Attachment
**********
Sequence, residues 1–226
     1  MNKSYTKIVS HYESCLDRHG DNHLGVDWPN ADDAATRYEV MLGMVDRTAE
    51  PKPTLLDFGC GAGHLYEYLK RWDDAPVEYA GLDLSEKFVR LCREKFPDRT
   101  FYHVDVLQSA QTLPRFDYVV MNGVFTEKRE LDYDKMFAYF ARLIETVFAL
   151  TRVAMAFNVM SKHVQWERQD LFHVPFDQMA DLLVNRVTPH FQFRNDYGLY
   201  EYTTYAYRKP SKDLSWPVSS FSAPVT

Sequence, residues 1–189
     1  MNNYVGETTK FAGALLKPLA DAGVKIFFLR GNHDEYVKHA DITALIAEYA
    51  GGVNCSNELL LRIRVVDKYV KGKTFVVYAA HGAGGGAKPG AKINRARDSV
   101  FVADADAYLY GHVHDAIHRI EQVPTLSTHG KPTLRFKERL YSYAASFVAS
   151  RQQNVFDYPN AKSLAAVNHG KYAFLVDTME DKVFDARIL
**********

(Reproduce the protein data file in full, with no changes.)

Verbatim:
Sequence, residues 1–226
     1  MNKSYTKIVS HYESCLDRHG DNHLGVDWPN ADDAATRYEV MLGMVDRTAE
    51  PKPTLLDFGC GAGHLYEYLK RWDDAPVEYA GLDLSEKFVR LCREKFPDRT
   101  FYHVDVLQSA QTLPRFDYVV MNGVFTEKRE LDYDKMFAYF ARLIETVFAL
   151  TRVAMAFNVM SKHVQWERQD LFHVPFDQMA DLLVNRVTPH FQFRNDYGLY
   201  EYTTYAYRKP SKDLSWPVSS FSAPVT

Sequence, residues 1–189
     1  MNNYVGETTK FAGALLKPLA DAGVKIFFLR GNHDEYVKHA DITALIAEYA
    51  GGVNCSNELL LRIRVVDKYV KGKTFVVYAA HGAGGGAKPG AKINRARDSV
   101  FVADADAYLY GHVHDAIHRI EQVPTLSTHG KPTLRFKERL YSYAASFVAS
   151  RQQNVFDYPN AKSLAAVNHG KYAFLVDTME DKVFDARIL